Relationships

“Now or Never” Versus “Love You Forever”

Can one night make your dreams come true?

Posted Nov 19, 2019

Romantic love is often regarded as either a momentary experience (“now or never”) or a permanent one (“forever and a day”). Are those our only romantic choices?

One single night versus an ongoing development

“It’s now or never, be mine tonight... tomorrow will be too late.” —Elvis Presley

“Forever and a day, that’s how long I’ll loving you.” —Kelly Rowland

When it comes to the present and future, time cuts both ways: only the present is meaningful, while the future is insignificant; alternatively, the future, as it is forever, is what holds true meaning.

Romantic love often involves impatience, which expresses a narrow temporal perspective. In the words of Elvis Presley, “One night with you, is what I’m now praying for,” as such a night “would make my dreams come true.” Indeed, if a single night would enable your dreams to come true, why bother with profound qualities essential for satisfaction through many days and nights?

The saying “See Naples and die” carries a similar meaning: It can feel so fulfilling to see the beauty of Naples that once you have done so, you have experienced everything that is truly important in life. Similarly, in the movie The Hours, the character of Virginia Woolf says, “A woman’s whole life in a single day. Just one day. And in that day her whole life.” There are indeed circumstances—such as the day that the two lovers first met—in which one day makes all the difference.

Romantic relationships, however, are not based on a single night; they are about the ongoing development of a couple’s flourishing. Sometimes, a one-off or short-term experience can compensate for a long period of suffering. Yet, our main concern should be how to promote the continual enjoyment and thriving of our everyday romantic life.

Love is temporary

“The trees that grow slower bear the greatest fruit.” —Moliere

Romantic love is often described as either a momentary experience (“now or never”) or a permanent one (“forever and a day”). Reality, however, is not so cut-and-dry. Rather than one extreme or the other, the temporary experiences between the two are what really matter.

“Momentary” denotes something brief, lasting for only a very short time—the opposite of lengthy. “Temporary” denotes something that lasts for only a limited period—the opposite of permanent. Everything in human behavior is temporary, since human life is temporary. We and our beloveds are bound to die, and we are also likely to change our romantic preferences. This does not mean that all human experiences should be momentary or that we should not engage in profound romantic activities oriented towards the long term.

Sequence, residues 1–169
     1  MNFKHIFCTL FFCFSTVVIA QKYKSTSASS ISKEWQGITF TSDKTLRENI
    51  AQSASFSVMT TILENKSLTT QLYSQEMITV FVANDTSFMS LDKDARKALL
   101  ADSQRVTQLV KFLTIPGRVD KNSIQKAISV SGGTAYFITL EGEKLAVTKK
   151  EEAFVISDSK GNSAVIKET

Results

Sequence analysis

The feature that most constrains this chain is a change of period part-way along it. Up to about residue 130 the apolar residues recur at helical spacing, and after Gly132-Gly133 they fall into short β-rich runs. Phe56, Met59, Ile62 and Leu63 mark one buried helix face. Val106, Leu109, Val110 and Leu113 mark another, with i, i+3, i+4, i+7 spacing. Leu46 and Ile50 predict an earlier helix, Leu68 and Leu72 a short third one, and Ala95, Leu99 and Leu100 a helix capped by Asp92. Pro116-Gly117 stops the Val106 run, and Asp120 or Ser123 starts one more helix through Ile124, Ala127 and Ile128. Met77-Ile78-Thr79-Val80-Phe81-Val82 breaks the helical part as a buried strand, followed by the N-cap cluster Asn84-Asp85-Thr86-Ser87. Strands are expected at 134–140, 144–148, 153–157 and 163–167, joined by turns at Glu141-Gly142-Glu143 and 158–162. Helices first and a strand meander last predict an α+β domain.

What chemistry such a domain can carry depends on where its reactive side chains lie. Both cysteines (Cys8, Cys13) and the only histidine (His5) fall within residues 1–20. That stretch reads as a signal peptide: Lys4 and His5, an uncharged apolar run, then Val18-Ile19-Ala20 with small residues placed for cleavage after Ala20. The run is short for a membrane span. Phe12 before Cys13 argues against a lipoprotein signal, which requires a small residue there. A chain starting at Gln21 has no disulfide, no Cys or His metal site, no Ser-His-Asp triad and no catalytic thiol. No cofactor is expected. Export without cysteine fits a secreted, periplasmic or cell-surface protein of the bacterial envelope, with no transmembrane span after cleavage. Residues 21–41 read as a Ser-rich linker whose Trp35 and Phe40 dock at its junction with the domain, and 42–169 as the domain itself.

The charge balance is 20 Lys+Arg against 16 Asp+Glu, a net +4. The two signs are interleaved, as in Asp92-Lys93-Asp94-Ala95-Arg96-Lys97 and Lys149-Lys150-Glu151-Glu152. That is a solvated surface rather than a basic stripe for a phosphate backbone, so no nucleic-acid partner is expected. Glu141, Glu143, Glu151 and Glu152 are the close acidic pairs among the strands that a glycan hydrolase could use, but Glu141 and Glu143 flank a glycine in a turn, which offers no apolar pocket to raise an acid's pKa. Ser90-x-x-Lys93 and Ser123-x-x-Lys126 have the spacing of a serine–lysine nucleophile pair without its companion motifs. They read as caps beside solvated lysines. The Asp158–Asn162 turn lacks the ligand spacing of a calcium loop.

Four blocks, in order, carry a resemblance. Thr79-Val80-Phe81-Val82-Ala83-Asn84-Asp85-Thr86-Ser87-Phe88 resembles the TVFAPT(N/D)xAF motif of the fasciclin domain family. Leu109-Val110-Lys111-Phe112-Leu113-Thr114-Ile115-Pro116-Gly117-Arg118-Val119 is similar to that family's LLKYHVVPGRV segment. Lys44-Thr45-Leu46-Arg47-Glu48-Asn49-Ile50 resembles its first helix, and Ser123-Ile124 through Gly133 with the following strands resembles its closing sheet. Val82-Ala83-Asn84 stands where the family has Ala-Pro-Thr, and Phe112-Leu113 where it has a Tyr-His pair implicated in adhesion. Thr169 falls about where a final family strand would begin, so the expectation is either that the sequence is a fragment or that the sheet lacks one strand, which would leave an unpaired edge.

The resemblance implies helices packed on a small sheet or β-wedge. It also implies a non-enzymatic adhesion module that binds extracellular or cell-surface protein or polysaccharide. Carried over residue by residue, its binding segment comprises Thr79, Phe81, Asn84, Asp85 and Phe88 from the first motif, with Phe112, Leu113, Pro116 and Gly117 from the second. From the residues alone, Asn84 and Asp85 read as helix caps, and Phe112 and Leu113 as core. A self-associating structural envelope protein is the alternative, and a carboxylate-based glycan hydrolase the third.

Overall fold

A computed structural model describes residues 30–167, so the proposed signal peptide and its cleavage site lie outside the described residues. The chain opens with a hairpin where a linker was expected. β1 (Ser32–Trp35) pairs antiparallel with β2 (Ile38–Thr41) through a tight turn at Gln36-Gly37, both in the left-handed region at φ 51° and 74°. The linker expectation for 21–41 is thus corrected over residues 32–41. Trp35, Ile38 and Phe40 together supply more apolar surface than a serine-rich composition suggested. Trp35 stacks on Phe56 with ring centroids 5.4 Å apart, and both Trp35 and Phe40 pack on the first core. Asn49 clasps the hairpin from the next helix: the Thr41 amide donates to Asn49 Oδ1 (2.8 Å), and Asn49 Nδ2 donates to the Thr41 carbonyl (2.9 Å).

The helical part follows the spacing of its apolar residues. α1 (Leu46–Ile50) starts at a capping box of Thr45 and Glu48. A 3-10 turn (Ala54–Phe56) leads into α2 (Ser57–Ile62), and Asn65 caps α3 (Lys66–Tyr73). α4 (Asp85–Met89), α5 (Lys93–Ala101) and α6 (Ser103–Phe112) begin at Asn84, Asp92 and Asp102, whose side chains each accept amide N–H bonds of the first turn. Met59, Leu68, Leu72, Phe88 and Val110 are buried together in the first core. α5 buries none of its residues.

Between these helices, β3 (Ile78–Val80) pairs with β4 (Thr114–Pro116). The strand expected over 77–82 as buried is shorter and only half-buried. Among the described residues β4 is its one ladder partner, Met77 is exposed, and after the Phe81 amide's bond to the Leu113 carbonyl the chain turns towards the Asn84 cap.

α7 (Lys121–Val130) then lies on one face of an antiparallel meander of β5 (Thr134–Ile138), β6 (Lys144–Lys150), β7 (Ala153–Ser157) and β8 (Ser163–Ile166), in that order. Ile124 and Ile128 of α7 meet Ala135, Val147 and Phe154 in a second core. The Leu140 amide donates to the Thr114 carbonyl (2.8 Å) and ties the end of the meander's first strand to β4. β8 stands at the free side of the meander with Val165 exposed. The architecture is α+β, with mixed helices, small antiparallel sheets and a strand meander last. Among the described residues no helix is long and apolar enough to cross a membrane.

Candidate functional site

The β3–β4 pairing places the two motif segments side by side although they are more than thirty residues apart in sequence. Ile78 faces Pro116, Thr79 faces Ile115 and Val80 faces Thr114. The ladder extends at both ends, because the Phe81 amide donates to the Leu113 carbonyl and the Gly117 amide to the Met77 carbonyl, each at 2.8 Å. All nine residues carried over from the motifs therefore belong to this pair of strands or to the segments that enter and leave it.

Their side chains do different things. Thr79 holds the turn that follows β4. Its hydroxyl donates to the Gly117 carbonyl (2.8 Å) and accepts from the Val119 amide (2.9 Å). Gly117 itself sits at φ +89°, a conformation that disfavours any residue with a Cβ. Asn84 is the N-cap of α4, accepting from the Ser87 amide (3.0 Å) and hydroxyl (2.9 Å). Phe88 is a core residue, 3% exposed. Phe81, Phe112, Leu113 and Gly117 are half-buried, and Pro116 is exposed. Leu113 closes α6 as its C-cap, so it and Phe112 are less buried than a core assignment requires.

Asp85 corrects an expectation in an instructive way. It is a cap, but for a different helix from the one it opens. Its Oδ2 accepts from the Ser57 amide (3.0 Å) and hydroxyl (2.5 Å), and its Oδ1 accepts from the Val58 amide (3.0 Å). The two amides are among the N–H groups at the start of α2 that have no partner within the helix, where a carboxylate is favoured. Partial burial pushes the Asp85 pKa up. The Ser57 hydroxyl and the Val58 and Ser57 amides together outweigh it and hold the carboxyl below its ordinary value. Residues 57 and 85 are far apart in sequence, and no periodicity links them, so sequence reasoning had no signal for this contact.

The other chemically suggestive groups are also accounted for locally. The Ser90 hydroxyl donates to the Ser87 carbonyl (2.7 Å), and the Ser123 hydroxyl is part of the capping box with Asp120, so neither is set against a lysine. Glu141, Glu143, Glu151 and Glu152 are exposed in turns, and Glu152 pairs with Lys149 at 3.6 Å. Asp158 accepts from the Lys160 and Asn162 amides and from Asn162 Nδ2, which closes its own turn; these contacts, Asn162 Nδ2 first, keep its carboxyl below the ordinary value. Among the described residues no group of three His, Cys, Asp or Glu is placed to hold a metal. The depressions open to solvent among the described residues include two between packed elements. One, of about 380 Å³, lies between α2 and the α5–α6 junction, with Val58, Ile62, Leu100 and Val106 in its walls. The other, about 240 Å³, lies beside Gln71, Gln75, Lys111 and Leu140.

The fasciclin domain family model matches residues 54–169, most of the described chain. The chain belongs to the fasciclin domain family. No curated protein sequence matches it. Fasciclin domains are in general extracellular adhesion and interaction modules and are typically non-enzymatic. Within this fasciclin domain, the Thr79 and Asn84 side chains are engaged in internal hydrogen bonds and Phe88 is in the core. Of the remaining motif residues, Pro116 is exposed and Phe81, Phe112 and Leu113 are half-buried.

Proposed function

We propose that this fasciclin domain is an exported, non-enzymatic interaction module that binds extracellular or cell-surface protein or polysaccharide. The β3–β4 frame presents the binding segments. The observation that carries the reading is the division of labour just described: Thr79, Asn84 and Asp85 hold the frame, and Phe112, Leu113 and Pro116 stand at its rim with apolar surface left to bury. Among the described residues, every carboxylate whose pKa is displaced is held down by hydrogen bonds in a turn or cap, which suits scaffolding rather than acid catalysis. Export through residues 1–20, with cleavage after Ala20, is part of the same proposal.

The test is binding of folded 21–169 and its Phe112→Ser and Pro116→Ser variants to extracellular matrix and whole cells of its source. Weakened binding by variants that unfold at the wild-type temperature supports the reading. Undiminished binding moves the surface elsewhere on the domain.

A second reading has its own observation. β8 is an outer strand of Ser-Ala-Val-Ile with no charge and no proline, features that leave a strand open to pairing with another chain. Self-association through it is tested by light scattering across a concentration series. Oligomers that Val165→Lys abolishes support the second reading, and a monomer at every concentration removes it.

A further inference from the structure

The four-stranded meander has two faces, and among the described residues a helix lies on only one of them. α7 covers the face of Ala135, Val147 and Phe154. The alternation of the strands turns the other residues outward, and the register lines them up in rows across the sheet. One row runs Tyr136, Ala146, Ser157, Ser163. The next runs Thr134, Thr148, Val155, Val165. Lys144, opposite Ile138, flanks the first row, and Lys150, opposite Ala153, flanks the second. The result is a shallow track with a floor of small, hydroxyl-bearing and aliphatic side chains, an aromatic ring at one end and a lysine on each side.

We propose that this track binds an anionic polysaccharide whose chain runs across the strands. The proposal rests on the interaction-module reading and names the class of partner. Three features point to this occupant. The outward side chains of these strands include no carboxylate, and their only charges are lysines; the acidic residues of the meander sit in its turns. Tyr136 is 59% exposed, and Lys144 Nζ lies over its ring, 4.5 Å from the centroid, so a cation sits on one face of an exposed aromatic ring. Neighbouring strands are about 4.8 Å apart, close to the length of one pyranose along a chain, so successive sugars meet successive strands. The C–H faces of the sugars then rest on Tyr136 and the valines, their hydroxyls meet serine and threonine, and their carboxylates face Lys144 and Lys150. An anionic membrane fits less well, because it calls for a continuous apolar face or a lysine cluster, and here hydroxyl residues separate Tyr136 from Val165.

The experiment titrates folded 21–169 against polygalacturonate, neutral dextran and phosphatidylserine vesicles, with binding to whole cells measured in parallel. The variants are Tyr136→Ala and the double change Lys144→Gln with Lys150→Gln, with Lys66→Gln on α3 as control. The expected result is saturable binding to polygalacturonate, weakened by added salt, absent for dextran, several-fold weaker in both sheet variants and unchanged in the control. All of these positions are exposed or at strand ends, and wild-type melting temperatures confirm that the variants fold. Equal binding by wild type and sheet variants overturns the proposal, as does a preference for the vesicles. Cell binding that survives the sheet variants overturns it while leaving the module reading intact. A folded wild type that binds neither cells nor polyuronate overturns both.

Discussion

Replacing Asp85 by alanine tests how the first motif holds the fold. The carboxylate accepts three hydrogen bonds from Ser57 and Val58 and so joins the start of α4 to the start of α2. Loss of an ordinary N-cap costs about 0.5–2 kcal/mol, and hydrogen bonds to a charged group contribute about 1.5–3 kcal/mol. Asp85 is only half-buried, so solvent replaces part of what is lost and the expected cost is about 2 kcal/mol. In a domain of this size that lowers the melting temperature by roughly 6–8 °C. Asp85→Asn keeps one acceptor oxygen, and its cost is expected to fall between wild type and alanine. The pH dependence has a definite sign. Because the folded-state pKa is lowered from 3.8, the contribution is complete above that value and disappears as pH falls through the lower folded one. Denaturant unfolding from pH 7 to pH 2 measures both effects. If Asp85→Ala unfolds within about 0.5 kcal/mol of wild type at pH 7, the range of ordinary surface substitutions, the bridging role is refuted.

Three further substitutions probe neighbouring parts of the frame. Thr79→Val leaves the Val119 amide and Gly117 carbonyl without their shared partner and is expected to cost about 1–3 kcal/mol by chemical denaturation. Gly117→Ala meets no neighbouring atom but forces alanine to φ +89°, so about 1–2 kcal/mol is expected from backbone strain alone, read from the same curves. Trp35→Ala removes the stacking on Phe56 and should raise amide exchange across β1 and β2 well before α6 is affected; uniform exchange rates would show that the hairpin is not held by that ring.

In my recent book, The Arc of Love, I suggest two major factors that contribute to the brief duration of romantic relations in our current society: the abundance of romantic options, and the greater diversity and flexibility of our romantic norms (Ben-Ze’ev, 2019).

The current romantic environment enjoys an abundance of romantic options. Such abundance places people in an ongoing process of choosing, thereby hindering their ability to establish stable profound love. This can lead to frustration, sadness, and feelings of loneliness. Consequently, a major common heartbreak on the road to profound, enduring love is the long, effortful—and often futile—search. This unpleasant effort, which often involves rejection and disappointment, motivates many of us to relinquish the possibility of falling in love.

The greater choice of romantic options is associated with increasing diversity and flexibility of our romantic norms. Such flexibility reduces the value of being with a partner for many years, as it sets the stage for other options that may be more enticing. In these circumstances, the likelihood of romantic rejection and separation increases.

What to do?

“Do you have the patience to wait until your mud settles and the water is clear?” —Lao Tzu 

Two simple solutions to the dilemmas above are to indulge in the moment and thereby ignore the immense role of time in developing profound love; or to live in an illusory world where love never changes, and thereby disregard the broader role of reality in love. The hard, and more realistic, option is to accept the temporary nature of love—as of life—but still try to establish meaningful love, incorporating both momentary, exhilarating experiences and ongoing, meaningful development.

Is this option possible? Yes, it is. Is this option easy? No, it is not. But we can contribute to making the option a more commonly chosen one. After all, to live without love is so hard—and, sometimes, the only mountain we need to move for love is ourselves.

References

Bauman, Z. (2003). Liquid love. Polity Press.

Ben-Ze’ev, A. (2019). The Arc of Love: How Our Romantic Lives Change Over Time. University of Chicago Press.